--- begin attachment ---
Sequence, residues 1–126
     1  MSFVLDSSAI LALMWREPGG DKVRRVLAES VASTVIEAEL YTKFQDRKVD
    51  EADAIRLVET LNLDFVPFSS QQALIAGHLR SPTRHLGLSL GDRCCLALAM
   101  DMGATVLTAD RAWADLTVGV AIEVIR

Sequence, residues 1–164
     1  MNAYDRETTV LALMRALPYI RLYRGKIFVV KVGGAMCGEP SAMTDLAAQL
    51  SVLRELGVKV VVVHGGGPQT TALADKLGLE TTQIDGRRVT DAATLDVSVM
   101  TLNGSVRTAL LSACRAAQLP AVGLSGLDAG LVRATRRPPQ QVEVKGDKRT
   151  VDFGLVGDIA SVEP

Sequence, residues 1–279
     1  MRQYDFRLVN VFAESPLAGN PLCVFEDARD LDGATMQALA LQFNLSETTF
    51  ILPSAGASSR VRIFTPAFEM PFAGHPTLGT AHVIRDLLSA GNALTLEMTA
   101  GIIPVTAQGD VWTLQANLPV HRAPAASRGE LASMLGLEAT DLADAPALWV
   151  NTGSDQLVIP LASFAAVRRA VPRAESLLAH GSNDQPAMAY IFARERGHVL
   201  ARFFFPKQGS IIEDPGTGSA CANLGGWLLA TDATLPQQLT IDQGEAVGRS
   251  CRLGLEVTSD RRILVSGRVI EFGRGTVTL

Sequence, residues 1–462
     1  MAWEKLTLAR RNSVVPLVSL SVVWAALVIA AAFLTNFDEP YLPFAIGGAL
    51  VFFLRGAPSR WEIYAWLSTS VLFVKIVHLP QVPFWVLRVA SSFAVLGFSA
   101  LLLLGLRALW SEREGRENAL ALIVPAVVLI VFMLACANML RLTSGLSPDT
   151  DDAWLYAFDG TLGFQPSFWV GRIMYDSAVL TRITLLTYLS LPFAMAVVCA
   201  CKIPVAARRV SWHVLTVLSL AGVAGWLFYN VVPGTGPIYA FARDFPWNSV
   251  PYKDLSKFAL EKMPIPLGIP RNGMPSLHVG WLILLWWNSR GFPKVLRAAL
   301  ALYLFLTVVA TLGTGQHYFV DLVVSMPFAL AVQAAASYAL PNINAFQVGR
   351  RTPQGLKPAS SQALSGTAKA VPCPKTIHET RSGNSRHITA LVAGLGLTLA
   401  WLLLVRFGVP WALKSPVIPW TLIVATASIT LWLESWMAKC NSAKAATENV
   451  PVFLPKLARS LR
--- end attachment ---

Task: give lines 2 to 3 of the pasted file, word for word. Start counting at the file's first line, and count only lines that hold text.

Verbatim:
     1  MSFVLDSSAI LALMWREPGG DKVRRVLAES VASTVIEAEL YTKFQDRKVD
    51  EADAIRLVET LNLDFVPFSS QQALIAGHLR SPTRHLGLSL GDRCCLALAM